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Swedish Pirate Party Wins 2 Seats in EU Parliament

Swedish Pirate Party Wins 2 Seats in EU Parliament

Survey says 12% of men and 4% of women voted for the Pirate Party, which wants to “fundamentally reform copyright law” and “ensure that citizens’ rights to privacy are respected.”

Fallout from the conviction of Swedish BitTorrent tracker site the Pirate Bay for the facilitation of copyright infringement has reached critical mass with news that the Pirate Party captured 7.1% of the votes in EU Parliament elections.

“The polls beforehand had us at between eight and nice percent, but everything over four percent is a political sensation,” said Rick Falkvinge, leader of the Pirate Party.

It’s enough for at least 1 of the available Swedish seats in the legislative body.

An astonishing 19% of the voters under the age of 30 are said to have voted for the Pirate Party, making it the “biggest party among young people, bigger than both the Social Democrats and the Moderates,” said politics professor Sören Holmberg.

The jubilation inside Pirate Party HQ was immediate, and despite previous polls and studies indicating a win of at least 7%, even Falkvinge was amazed.

“We’ve felt the wind blow in our sails,” he said afterwards. “We’ve seen the polls prior to the election. But to stand here, today, and see the figures coming up on that screen… What do you want me to say? I’ll say anything.”

He observed that it was a statement about the tension between Swedish youth and older politicians, between those that have grown up immersed in a digital world and those that haven’t.

“Together, we have today changed the landscape of European politics,” Falkvinge added. “No matter how this night ends, we have changed it. This feels wonderful. The citizens have understood it’s time to make a difference. The older politicians have taken apart young peoples’ lifestyle, bit by bit. We do not accept that the authorities’ mass-surveillance.”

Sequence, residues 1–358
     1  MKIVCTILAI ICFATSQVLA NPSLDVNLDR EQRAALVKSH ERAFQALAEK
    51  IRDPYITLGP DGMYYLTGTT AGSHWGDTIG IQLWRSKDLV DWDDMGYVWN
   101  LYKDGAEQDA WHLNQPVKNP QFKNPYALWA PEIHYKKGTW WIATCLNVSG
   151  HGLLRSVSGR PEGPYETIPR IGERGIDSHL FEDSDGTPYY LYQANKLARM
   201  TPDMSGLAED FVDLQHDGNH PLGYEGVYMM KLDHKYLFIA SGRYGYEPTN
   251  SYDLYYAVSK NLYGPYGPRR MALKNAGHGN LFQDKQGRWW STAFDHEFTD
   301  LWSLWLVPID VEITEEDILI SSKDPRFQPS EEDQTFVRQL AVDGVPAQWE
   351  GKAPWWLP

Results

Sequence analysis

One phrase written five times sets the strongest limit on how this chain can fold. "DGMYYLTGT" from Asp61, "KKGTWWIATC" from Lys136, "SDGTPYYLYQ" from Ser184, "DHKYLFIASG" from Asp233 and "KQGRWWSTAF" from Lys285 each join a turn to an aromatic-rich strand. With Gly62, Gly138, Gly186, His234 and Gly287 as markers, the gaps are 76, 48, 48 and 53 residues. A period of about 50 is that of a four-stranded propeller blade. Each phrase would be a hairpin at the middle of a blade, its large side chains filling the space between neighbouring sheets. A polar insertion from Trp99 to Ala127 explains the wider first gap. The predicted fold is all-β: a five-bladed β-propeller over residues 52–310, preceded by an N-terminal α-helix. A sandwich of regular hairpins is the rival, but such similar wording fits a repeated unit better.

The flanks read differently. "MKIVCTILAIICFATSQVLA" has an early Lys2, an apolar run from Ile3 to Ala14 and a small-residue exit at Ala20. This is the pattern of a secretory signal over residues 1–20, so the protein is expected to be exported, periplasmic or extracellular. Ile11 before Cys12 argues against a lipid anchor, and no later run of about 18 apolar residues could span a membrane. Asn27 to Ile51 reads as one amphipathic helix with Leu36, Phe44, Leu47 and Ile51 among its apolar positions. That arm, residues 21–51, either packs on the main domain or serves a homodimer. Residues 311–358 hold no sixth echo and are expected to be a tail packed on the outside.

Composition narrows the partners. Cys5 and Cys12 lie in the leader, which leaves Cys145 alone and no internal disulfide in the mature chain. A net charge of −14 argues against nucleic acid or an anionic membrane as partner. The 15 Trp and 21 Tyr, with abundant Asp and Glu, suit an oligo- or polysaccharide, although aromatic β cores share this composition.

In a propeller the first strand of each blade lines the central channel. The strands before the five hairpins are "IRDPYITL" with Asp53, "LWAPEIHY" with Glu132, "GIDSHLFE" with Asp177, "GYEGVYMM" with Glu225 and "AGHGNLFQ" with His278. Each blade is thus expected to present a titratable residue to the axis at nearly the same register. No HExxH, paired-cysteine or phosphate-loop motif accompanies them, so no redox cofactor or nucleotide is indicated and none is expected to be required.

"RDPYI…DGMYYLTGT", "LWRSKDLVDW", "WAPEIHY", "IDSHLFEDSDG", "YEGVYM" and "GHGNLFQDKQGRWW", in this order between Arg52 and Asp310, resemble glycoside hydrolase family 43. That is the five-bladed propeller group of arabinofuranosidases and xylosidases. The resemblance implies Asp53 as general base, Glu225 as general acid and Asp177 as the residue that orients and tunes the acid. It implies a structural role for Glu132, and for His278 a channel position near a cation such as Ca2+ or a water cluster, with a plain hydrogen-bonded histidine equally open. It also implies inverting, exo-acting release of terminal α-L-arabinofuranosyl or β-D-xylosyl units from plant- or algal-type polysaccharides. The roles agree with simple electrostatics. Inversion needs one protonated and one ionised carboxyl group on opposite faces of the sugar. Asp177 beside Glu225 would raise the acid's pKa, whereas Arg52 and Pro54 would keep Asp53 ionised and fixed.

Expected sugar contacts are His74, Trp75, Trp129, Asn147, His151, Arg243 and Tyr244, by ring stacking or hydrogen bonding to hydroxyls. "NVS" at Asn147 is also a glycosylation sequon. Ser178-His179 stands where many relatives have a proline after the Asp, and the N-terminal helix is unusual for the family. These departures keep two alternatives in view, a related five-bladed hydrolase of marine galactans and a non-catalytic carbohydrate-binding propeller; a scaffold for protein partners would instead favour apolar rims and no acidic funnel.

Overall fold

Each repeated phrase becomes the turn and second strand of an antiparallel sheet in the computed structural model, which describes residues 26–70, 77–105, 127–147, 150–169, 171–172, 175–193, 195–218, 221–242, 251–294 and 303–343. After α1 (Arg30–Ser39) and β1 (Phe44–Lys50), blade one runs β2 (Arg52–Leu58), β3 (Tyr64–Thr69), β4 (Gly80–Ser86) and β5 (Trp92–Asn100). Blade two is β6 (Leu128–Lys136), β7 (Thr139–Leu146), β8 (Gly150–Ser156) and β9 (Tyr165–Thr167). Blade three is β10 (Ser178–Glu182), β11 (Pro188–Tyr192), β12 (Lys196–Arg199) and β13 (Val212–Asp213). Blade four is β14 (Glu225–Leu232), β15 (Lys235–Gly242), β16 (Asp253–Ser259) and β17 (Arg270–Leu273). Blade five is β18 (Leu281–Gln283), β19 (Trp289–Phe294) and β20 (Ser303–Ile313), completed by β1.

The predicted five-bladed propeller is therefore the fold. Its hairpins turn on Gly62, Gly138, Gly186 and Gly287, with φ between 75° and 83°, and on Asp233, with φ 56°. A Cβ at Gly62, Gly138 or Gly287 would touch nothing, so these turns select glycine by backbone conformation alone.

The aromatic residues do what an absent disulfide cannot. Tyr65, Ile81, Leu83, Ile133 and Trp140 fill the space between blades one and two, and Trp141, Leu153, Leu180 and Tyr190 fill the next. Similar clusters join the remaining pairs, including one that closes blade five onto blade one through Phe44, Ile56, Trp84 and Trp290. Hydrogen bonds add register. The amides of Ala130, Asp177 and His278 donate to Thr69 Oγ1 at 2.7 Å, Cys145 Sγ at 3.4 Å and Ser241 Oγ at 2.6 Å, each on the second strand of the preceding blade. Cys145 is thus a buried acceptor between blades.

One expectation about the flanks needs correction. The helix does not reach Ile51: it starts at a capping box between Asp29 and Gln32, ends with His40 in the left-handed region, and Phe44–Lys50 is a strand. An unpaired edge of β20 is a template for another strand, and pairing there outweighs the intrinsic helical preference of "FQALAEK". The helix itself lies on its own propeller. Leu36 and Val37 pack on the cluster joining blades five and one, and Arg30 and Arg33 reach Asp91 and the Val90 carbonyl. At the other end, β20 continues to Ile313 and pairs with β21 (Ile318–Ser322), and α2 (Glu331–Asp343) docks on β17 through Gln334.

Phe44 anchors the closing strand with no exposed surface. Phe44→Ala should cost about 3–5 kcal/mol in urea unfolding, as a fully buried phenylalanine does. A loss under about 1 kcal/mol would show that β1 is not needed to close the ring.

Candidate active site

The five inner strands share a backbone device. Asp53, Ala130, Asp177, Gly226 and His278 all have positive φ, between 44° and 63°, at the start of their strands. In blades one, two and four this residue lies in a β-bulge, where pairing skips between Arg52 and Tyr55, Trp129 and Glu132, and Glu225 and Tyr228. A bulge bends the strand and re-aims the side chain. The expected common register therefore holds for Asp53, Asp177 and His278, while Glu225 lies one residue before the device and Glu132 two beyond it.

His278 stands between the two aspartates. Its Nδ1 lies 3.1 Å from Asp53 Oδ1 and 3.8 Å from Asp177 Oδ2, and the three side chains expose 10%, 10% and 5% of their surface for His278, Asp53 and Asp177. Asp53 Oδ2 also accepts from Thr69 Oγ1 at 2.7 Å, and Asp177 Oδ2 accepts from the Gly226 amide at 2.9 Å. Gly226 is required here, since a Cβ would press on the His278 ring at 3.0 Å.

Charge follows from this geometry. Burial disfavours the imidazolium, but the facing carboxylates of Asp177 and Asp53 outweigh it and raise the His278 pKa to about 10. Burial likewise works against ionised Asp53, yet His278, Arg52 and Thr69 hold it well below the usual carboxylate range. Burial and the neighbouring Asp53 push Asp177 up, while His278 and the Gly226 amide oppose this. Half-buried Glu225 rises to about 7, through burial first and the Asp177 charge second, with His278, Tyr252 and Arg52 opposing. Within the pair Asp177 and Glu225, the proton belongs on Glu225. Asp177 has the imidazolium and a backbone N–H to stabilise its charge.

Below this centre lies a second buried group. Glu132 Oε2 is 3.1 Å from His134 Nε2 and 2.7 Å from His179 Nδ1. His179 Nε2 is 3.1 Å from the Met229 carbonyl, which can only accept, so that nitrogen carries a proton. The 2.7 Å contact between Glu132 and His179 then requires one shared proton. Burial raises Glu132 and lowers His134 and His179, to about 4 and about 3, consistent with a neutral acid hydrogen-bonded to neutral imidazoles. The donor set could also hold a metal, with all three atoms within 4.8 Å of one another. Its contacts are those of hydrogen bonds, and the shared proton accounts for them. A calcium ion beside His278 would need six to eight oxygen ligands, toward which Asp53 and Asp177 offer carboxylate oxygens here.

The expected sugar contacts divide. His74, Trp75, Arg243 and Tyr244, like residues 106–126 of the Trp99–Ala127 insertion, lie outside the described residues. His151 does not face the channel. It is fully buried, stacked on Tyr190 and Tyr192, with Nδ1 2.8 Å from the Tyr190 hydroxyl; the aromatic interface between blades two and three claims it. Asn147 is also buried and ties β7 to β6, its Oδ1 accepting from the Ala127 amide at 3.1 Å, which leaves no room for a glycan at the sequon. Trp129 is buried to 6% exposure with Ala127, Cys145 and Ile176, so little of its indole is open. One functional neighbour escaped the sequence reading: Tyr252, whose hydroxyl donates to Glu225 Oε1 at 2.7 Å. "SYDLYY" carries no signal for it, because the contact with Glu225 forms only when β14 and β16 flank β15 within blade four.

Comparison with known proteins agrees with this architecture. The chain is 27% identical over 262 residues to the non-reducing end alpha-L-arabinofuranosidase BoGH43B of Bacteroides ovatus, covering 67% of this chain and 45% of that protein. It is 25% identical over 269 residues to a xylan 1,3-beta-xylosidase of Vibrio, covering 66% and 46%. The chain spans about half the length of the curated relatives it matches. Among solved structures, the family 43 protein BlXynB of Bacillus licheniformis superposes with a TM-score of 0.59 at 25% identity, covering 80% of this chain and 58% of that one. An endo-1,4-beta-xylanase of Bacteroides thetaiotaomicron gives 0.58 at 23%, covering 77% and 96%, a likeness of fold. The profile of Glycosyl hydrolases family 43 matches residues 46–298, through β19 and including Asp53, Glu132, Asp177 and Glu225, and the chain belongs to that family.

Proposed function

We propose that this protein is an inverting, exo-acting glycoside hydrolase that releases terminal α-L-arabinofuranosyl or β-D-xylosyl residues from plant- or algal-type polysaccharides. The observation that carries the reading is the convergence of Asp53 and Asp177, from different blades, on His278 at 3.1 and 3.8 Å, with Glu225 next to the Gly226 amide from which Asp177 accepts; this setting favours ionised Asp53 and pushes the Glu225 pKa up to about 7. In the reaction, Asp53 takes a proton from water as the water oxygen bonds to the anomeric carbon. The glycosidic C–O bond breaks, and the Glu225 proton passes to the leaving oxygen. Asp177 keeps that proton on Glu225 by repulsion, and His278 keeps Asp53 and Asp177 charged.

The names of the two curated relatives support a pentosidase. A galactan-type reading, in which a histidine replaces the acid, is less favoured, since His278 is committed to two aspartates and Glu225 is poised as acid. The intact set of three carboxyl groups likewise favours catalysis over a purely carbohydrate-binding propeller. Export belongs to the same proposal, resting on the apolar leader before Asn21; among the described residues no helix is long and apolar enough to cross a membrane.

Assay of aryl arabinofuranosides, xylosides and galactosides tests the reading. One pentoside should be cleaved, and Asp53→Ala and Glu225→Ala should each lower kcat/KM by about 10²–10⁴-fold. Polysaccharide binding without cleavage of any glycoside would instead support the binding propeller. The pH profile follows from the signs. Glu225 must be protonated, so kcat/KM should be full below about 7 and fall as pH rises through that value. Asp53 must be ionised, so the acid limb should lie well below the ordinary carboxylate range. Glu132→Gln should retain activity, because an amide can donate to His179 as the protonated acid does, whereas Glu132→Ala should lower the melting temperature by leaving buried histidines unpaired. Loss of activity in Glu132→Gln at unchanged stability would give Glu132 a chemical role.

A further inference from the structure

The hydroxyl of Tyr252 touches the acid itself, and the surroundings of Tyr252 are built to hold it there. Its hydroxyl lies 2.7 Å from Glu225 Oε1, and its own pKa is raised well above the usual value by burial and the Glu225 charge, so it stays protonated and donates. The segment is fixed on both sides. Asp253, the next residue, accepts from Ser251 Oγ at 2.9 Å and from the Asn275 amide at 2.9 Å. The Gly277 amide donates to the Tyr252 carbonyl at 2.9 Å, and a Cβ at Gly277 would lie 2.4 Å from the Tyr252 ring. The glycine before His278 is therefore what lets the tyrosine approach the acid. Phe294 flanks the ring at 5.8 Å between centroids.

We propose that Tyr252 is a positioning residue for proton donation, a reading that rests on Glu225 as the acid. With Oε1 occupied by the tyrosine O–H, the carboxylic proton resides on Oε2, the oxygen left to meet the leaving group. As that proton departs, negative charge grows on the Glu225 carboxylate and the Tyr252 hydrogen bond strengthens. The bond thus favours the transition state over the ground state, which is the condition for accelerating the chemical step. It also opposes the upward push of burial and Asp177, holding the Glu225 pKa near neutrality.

Many have pointed to the trial of The Pirate Bay as one major reason for the surge in popularity of the Pirate Party.

Many of the country’s youth have been angered over what they see as an intrusion by foreign, primarily US-based, entertainment industry conglomerates into the private affairs of a sovereign country. They understand that copyright laws were essentially written in a world before digital content that no longer exists, and that ultimately paralyze the ability of citizens to freely communicate and interact with one another.

Also adding fuel to the fire was the disclosure that the presiding judge in the Pirate Bay trial, Judge Tomas Norström, is an active member of several pro-copyright groups, rendering his decision anything but unbiased in the eyes of many.

Stay tuned.

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Jared Moya
I've been interested in P2P since the early, high-flying days of Napster and KaZaA. I believe that analog copyright laws are ill-suited to the digital age, and that art and culture shouldn't be subject to the whims of international entertainment industry conglomerates. Twitter | Google Plus
Islam Abou El Ata
Islam Abou El Ata

One seat is enough, we just need a voice to be there, the voice of reason needs to be heard. I am proud of the suedish people for what they did, and I hope courageous steps like these will be made worldwide.